TPO: How many students have gone through the program? How far do they travel to attend your programs? 

Mixer: We’ve had hundreds who have taken one or two classes without wanting the full curriculum completion, and learned what they needed to get their license. In the certificate program we’ve had another dozen or so complete the program over the past couple years, with another dozen currently taking the courses. Most of these come from communities across Wyoming, although students in our utility locator program come from across the country. 

TPO: What is the utility locator program? 

Mixer: We provide certifications in underground utility locating and are one of the few public educational programs in the country doing so. People hear about it through word of mouth or learn about us on the Internet. The program is a public/private partnership that was created with our state’s One Call program and a private company (Staking University). We train and certify people to use electromagnetic locating equipment to locate underground utilities. We also offer a Back Flow Tester certification program with the American Society of Sanitary Engineers that we funded through our drinking water grant from EPA Region VIII.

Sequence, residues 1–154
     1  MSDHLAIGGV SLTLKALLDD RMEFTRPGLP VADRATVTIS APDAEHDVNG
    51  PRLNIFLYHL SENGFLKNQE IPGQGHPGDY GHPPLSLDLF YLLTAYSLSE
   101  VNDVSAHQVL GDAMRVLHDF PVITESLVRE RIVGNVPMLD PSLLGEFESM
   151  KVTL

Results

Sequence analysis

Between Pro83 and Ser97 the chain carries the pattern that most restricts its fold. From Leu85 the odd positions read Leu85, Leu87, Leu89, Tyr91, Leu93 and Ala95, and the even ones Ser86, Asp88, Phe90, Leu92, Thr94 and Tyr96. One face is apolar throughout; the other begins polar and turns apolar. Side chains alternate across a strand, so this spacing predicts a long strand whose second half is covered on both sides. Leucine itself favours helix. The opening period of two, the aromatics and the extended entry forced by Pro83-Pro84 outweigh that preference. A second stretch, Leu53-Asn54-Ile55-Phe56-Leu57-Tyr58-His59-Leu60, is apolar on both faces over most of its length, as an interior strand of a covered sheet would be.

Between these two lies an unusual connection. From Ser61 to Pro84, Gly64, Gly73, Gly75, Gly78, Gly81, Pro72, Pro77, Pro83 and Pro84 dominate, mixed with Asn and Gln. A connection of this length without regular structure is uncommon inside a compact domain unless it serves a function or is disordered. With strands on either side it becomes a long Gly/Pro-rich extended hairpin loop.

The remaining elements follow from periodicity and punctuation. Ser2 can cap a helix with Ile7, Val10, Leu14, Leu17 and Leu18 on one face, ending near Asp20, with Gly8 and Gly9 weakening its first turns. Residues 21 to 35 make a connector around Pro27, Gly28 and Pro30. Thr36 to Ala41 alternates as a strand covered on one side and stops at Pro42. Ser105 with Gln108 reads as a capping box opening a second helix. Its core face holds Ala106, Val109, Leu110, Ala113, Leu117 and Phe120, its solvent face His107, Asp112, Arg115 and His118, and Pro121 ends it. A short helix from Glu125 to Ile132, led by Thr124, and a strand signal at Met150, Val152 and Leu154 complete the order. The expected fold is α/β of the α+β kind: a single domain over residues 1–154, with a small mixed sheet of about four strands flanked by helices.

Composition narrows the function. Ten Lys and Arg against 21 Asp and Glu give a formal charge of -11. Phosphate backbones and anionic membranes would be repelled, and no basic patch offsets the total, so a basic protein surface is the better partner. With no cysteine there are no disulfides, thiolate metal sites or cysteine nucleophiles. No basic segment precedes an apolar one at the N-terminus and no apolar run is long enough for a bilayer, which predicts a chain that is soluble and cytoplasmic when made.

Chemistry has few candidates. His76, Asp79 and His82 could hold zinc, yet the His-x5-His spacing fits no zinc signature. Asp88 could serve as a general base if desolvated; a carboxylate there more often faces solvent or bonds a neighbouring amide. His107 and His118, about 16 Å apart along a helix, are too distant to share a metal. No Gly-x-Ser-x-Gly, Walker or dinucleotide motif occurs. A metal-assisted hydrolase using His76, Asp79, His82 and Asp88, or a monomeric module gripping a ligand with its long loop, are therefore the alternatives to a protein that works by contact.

TPO: How does your program prepare students for meeting Wyoming’s wastewater treatment or water system operator certification requirements?